Graduation Year


Document Type




Degree Granting Department

Marine Science

Major Professor

Mark E. Luther, Ph.D.

Committee Member

Steven Meyers, Ph.D.

Committee Member

Boris Galperin, Ph D.


model, residence time, estuary, navigational channel, bridges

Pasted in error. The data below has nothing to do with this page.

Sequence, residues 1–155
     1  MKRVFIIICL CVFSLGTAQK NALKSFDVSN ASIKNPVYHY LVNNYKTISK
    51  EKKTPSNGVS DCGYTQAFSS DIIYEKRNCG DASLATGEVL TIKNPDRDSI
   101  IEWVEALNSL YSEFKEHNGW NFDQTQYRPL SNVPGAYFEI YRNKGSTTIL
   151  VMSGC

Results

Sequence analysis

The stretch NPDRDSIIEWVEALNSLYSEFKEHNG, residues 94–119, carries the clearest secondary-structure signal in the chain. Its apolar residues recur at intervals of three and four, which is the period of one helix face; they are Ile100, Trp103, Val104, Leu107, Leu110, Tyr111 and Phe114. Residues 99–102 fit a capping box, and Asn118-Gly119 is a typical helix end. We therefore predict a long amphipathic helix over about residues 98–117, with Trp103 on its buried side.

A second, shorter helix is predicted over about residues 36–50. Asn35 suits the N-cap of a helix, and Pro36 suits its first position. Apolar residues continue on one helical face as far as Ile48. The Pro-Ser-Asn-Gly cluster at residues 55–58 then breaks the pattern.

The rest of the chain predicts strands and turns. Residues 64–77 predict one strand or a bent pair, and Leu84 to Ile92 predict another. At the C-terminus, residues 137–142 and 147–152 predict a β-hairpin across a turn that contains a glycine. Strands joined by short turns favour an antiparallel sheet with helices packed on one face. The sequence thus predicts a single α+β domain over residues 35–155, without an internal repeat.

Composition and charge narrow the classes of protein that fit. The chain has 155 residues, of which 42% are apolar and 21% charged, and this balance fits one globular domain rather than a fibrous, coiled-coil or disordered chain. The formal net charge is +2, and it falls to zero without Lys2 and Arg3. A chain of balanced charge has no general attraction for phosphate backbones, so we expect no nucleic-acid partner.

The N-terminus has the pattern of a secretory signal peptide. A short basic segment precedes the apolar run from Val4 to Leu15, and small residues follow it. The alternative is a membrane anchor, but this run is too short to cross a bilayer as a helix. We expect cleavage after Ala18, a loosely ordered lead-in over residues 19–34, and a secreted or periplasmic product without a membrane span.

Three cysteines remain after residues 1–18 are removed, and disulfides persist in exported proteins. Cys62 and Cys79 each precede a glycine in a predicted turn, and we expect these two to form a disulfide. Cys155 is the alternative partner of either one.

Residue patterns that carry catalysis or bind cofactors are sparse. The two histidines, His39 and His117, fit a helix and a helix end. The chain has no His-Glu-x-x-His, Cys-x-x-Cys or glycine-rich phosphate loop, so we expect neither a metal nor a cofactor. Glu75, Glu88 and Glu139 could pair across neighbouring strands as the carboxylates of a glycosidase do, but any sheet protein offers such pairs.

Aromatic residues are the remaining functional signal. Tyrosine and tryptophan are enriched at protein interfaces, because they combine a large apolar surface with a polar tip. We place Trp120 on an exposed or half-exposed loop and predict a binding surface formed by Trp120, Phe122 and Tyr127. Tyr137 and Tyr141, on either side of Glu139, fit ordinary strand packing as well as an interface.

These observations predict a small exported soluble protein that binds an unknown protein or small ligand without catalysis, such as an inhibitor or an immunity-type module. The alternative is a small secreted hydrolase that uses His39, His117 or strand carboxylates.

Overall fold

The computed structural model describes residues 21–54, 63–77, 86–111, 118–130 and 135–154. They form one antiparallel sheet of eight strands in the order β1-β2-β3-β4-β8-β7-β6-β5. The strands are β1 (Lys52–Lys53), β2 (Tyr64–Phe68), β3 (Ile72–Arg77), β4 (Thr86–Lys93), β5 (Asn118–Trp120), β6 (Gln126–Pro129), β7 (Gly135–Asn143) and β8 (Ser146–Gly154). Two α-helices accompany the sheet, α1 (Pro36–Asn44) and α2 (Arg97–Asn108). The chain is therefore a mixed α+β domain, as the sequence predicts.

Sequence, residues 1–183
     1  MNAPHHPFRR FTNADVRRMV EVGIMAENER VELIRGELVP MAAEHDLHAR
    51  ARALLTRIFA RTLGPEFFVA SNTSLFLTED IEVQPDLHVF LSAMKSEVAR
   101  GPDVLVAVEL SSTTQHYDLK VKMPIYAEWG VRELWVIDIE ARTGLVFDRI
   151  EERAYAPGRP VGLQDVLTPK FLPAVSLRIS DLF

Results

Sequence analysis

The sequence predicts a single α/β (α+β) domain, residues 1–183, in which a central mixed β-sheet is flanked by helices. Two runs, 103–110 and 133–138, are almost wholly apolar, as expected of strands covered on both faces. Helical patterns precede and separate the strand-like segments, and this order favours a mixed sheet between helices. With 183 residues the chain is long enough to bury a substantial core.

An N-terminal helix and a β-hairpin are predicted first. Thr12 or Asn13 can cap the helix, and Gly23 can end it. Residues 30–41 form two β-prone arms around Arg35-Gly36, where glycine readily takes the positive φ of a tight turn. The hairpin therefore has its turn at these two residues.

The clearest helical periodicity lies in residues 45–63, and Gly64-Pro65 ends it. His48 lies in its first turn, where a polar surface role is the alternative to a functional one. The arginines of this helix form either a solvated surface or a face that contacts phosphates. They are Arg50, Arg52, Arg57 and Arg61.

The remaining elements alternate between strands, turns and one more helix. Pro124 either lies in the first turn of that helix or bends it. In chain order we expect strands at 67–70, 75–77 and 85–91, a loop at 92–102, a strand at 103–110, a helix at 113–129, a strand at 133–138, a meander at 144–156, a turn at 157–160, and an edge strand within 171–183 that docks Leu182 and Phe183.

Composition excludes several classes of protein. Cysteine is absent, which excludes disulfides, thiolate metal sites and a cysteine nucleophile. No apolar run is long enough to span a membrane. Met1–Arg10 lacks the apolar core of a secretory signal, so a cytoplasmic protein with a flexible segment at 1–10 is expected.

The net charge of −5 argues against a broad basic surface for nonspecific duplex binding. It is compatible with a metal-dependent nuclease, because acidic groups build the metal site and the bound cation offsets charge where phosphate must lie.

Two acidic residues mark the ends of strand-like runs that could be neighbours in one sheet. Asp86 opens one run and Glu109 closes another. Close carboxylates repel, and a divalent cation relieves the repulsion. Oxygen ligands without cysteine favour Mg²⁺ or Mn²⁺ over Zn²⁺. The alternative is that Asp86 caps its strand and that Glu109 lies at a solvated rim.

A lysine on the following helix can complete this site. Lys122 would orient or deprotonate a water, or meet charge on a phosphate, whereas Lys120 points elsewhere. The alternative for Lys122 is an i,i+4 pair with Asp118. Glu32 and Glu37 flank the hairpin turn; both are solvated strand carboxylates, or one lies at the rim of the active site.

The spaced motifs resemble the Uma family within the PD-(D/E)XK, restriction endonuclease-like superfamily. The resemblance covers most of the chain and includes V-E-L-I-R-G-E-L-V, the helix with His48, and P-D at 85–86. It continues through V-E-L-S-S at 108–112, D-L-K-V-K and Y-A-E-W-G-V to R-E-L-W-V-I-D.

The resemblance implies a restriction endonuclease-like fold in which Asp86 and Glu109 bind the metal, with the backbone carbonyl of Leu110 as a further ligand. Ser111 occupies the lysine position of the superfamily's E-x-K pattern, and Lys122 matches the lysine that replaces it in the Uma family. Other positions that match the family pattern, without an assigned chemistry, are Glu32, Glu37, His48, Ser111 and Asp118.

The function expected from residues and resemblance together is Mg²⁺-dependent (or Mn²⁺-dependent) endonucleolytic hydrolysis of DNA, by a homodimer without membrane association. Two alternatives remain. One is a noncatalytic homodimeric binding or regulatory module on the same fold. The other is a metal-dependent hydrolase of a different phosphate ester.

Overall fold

Growth and development over the past one hundred years has resulted in the construction of causeways and navigational channels in Tampa Bay. Urbanization has lead to bathymetric alterations of the bay, and thus has effectively changed the residual salinity, flow fields, and transport time in Tampa Bay. In this study a numerical ocean model of Tampa Bay was first used to simulate the circulation for 2001-2003 using present day bathymetry. Then, an identical simulation was performed using the bathymetry generated from 1879 depth soundings. The residual (30-day time average) circulation fields and salinity, along with transport times was intercompared for different freshwater inflow conditions to investigate the impacts of these physical alteration. The salinity for the "present" simulation is about 3 psu higher than the "1879" simulation in the areas of upper Middle Tampa Bay, Lower Hillsborough Bay and Old Tampa Bay, a result of a stronger axial pressure gradient associated with the deeper more extensive channels. Velocities are up to 10 cm/s higher in the "present" run than in the "1879" simulation in the areas where water must converge and diverge through the narrow openings of the bridges/causeways. Transport time is short (~10 days) during strong residual circulation, and long (~90 days) during weak residual circulation. Bridges and causeways are associated with longer transport times (~90 days), except in the area North of the Courtney Campbell Causeway. The navigational channel is associated with long transport times during dry periods and short transport time during wet periods.